It’s 38% more expensive to buy a house than rent in US, analysis finds – ABC News

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Buying a house in the United States is considerably more expensive than renting right now, and the real estate market is expected to stay that way for at least the next five years, according to a new analysis.

The analysis out Thursday from CBRE, a firm that tracks real estate prices, shows the average monthly payment on a new apartment lease in the U.S. is $2,165. The average monthly payment on a mortgage for a new home is $2,997, meaning it costs households, on average, 38% more to buy than to rent, according to the analysis.

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Notably, the gap between buying and renting will continue to be a big hurdle for aspiring homeowners for at least five years, the analysis found — mortgage payments are still expected to cost 11% more than rent in the year 2030.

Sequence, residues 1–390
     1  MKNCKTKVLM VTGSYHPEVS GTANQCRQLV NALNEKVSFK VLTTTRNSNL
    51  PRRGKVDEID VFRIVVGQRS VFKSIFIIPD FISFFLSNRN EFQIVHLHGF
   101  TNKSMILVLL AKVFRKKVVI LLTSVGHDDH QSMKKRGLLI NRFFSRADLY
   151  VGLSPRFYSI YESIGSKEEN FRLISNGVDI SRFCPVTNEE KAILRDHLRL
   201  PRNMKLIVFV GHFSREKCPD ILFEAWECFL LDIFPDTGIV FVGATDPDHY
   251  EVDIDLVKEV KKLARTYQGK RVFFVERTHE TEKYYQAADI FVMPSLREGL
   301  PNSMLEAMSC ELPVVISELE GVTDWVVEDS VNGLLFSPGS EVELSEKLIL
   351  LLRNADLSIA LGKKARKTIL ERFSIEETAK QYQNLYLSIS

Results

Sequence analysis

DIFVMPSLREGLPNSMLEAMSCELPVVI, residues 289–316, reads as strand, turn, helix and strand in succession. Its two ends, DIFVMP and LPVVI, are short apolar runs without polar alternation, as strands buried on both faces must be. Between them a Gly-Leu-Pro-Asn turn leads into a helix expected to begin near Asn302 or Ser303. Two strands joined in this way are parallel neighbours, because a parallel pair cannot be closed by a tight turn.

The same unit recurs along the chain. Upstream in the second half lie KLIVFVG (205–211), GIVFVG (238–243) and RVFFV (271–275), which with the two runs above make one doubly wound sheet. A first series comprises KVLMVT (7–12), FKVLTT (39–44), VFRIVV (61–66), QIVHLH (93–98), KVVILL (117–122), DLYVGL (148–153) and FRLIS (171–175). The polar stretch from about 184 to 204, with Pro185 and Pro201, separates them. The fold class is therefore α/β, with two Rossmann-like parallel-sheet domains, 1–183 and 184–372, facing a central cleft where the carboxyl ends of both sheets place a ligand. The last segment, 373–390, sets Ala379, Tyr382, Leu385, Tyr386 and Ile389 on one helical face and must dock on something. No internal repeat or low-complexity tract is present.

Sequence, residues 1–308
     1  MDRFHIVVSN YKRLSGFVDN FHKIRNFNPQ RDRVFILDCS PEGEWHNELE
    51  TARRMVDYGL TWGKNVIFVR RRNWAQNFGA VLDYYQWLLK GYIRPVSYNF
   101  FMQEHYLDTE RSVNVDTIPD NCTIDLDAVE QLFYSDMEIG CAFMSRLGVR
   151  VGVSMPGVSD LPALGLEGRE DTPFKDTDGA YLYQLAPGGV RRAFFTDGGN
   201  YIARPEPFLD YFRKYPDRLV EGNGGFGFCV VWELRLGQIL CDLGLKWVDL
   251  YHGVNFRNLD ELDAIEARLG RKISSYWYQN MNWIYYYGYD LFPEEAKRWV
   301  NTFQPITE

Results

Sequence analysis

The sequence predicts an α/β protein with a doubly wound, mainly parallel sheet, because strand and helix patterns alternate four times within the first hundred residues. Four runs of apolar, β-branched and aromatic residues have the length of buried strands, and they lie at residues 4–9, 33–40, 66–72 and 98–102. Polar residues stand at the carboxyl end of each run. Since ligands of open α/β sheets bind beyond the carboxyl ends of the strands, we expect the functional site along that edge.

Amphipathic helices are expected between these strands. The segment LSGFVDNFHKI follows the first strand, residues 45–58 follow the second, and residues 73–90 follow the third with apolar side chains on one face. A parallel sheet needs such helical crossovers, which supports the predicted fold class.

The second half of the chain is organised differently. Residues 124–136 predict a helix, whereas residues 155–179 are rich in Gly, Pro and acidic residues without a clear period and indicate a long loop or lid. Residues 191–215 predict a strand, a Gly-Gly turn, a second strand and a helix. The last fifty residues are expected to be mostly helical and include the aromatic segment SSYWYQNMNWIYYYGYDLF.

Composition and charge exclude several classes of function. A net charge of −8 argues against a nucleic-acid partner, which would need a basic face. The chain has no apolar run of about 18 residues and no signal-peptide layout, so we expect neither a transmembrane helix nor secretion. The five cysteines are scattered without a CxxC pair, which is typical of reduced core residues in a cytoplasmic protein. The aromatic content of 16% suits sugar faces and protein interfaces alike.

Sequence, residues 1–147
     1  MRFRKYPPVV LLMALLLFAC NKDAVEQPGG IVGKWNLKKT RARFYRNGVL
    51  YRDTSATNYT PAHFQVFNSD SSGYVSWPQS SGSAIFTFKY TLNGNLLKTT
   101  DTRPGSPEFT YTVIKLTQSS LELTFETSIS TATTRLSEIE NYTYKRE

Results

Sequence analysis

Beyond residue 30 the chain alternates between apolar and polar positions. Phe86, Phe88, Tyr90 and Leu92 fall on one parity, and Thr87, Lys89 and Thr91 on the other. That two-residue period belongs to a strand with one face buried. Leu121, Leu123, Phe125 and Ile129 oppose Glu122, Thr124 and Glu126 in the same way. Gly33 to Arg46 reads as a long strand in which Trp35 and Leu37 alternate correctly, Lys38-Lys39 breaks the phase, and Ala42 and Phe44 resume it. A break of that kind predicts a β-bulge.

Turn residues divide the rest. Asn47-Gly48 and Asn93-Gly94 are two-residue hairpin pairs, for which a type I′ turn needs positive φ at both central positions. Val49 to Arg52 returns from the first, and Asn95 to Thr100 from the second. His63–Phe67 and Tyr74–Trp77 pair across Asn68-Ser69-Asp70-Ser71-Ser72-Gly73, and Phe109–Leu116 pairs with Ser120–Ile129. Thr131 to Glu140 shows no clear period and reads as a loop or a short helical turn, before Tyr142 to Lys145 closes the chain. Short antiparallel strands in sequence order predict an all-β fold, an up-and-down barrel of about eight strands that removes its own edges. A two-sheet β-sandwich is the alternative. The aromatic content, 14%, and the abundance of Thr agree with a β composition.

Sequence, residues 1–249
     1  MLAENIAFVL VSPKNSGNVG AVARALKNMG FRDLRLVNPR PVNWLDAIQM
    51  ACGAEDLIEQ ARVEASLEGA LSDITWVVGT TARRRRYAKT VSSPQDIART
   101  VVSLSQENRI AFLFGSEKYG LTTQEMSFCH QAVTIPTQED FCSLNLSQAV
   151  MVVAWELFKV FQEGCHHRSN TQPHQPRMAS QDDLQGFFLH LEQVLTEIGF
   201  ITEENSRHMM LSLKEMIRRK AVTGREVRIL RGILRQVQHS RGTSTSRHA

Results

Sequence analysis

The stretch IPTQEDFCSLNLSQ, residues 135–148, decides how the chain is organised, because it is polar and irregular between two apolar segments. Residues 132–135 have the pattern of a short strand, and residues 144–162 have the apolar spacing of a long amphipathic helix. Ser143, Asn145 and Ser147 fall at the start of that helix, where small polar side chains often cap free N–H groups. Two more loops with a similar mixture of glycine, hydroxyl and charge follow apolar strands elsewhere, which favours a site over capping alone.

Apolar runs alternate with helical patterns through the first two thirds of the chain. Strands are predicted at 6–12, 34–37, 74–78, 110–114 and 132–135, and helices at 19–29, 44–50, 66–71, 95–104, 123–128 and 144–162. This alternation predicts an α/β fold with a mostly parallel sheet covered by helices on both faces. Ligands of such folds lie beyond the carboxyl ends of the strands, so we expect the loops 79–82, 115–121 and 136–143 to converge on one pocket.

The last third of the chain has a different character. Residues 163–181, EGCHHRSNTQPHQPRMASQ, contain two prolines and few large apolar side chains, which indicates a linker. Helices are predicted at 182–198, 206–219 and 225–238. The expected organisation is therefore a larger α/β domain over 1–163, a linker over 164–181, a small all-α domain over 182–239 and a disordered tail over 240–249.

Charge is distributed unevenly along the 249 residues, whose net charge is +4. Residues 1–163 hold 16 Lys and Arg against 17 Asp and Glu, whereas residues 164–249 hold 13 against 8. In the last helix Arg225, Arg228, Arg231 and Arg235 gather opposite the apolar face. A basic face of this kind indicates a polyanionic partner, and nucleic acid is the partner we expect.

Higher mortgage rates and a nationwide housing shortage are key factors behind persistently high home prices, according to the CBRE report. The report estimates there is a shortage of 3.8 million housing units in the U.S., mainly in single-family homes and smaller multi-unit dwellings.

“It is proving to make more sense [for individuals] to rent for a little longer,” Matt Vance, an author of the CBRE report, told ABC News.

In this undated stock photo, a “For Sale” sign stands in front of a house.

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The disparity between renting and buying is especially stark in markets such as Los Angeles, San Francisco, Seattle, Denver and Nashville, Tennessee, according to the analysis.

“A 20% downpayment on the median Denver home today is equivalent to six years of the average apartment rent,” Vance said.

But markets like Chicago, Dallas and Raleigh, North Carolina, are expected to see the gap between renting and buying return to pre-pandemic levels in the next five years, the report said.

Aspiring homeowners who are able to put down a payment and afford the monthly costs can still find great opportunities to build longer-term equity by investing in a home, Vance added.

A separate report out Thursday from the White House says one in every four renters in the U.S. is “severely rent-burdened,” meaning they’re spending more than half of their income on housing.

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